Thursday, November 24, 2005

DIBELS:The Perfect Literacy Test

Language Magazine in press 

Ken Goodman

If Katrina came close to being the perfect storm-in the awful sense of the storm that had all the attributes to do the most harm to the lives of those whose destructive power and irresistible forces it touched, then there is a perfect literacy test sweeping through American schools and doing the maximum amount of damage to the lives of those it touches.

American education has been overdosing on all kinds of tests in recent years as politicians and groups with their own agendas have put pressure on schools to show measurable results for the funding they receive. And many tests have become “high stakes tests” in that they are used as criteria for admissions, promotion, graduation and even wages.

But the perfect test is not like any of the traditional tests in popular use. It is not “norm referenced” like the Iowa or Stanford tests which are widely used to measure achievement. It is not like the barrage of high-stakes state “criterion referenced tests” promulgated to test reading and writing and judge whether pupils can pass from grade to grade or receive a high school diploma. It is not the National Assessment of Educational Progress which has been used to paint dire pictures of whole states failing to produce proficient readers and writers.

No, the perfect Literacy test is the Dynamic Indicators of Basic Literacy Skills developed by a federally funded group at the University of Oregon. It is being widely mandated as part of the No Child Left Behind plan each state must submit to the federal bureaucracy that controls NCLB funding. It’s acronym DIBELS has, according to Education Week, “become a catchphrase in the schoolhouse and the statehouse.” (Manzo, Education Week, 9/28/2005)

What makes DIBELS the perfect literacy test is that it takes total control of the academic futures and school lives of the children it reaches from the first day they enter kindergarten when they are barely five years old. It keeps control of their literacy development and indeed their whole school experience for four years from kindergarten through third grade.. And the more poorly the children respond to DIBELS the more they experience it. Norm referenced tests usually are not given until third grade and then only once a year. Diagnostic tests are usually used selectively with pupils to provide teachers with information on what strengths and weaknesses learners may have. DIBELS, once it gains a foothold, is administered a minimum of three times a year at the beginning, middle and end of each grade from kindergarten to third.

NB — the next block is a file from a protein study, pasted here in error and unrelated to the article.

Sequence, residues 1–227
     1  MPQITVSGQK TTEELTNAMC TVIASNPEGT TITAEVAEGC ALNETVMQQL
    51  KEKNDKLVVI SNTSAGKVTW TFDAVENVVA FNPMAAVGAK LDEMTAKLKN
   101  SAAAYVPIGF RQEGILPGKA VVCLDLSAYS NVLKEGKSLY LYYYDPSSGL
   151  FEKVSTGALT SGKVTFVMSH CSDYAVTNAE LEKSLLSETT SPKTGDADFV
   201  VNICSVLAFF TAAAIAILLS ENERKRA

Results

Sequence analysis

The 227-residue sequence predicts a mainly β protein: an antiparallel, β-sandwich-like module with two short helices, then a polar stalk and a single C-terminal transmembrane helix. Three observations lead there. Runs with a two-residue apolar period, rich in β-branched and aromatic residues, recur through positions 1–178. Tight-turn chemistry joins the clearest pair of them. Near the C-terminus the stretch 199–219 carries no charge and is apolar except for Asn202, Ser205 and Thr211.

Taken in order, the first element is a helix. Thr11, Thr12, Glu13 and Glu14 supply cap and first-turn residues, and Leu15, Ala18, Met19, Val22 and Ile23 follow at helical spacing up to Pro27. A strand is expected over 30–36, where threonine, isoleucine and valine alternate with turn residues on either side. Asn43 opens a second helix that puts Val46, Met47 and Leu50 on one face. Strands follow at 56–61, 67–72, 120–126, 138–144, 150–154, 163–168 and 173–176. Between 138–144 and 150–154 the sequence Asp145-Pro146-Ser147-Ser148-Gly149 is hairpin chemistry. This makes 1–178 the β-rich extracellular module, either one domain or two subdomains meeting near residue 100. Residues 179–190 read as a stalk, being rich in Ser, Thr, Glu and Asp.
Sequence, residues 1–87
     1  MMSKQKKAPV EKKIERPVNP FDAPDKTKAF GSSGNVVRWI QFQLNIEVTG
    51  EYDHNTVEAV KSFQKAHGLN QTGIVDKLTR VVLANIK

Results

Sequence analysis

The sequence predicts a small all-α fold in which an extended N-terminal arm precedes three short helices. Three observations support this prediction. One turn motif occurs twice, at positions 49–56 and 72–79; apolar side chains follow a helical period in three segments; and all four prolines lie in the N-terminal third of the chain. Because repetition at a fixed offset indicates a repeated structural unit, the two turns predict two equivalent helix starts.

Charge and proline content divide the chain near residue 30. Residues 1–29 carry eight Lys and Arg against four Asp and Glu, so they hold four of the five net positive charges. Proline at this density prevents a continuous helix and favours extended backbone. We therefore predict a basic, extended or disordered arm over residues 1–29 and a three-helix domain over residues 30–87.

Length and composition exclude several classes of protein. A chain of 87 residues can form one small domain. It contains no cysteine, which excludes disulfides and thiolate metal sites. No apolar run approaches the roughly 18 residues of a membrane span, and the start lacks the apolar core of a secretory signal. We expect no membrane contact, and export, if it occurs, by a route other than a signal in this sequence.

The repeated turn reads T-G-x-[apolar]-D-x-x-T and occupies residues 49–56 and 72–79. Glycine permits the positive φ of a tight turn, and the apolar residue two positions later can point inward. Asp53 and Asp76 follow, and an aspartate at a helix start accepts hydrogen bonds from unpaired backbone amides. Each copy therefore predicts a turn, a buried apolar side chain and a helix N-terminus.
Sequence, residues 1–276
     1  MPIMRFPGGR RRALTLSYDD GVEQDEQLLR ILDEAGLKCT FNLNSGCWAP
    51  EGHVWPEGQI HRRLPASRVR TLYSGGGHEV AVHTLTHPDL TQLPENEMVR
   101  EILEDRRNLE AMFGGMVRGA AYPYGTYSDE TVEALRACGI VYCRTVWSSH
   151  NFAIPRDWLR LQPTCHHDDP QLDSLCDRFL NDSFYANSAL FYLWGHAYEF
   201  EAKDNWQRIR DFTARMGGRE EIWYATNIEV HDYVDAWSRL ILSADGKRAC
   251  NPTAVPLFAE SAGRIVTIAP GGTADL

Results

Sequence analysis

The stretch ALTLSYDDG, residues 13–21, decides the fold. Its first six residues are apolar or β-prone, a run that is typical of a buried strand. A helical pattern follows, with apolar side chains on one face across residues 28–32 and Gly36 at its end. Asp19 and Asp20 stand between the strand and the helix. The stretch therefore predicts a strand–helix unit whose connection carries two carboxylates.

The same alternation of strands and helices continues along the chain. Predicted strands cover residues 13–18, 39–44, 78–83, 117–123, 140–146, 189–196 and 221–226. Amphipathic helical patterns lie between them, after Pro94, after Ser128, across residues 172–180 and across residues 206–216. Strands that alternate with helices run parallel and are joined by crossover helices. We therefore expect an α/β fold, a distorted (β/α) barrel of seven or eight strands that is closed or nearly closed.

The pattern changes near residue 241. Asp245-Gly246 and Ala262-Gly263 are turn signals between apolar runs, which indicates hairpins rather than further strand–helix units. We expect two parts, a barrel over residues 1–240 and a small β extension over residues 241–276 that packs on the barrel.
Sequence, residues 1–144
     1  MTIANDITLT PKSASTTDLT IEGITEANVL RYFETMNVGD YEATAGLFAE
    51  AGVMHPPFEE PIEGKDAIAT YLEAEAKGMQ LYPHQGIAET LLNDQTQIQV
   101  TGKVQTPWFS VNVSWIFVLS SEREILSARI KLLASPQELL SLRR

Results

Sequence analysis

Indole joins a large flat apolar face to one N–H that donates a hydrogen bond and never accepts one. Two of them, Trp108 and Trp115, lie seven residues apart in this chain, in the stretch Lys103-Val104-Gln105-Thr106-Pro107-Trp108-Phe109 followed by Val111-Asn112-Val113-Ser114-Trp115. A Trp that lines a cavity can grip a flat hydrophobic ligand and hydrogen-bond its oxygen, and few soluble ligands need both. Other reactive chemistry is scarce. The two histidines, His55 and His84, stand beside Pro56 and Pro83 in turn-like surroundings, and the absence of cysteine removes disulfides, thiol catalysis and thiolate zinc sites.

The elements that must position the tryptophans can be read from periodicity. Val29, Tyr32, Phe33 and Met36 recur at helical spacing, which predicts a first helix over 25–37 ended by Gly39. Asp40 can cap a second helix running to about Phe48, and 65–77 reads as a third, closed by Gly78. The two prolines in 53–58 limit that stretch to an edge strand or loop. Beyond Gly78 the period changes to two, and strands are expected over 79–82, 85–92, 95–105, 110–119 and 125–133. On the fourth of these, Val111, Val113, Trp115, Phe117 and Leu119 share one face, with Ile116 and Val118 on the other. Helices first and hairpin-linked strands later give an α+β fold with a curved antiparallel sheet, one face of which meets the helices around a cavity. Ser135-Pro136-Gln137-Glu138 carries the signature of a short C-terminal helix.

Within a few days of entering school five year-olds have their first opportunity to fail to achieve DIBELS arbitrary “bench marks.” Each month DIBELS is also used to “monitor progress” and those who are marked for “intensive instruction” are monitored weekly. Such tests have sometimes been called test-teach-test models. In that model a pre-test is given, then the content is taught and then a post-test measures gain. DIBELS uses a test-test-test model because increasingly frequent testing is the fate of those who fail to achieve the bench marks of DIBELS. There are reports of children practicing for the DIBELS while they wait in line to use the toilets.

Unlike Katrina whose path and approach could be monitored permitting those who had the means to get out of her way to avoid her dangers, DIBELS has arrived in most of the schools it takes control of as an irresistible force with neither pupils or teachers having any opportunity to get out of the way. That’s because the federal ideologues who have the power to review state NCLB proposals have strongly “encouraged” the use of DIBELS and most states have obliged, some even mandating its use in all of the state’s K-3 classrooms. Every K-3 teacher in New Mexico gets a palm pilot programmed with DIBELS. The scores the testers enter go directly to Santa Fe and the computers at the University of Oregon.

 Where DIBELS has been mandated state-wide the only escape from DIBELS is home-schooling which of course is not an option for most working parents. Some parents have down-loaded the whole test themselves and drilled their children at home so they will “bench-mark” in school and avoid the intensive interventions of DIBELS.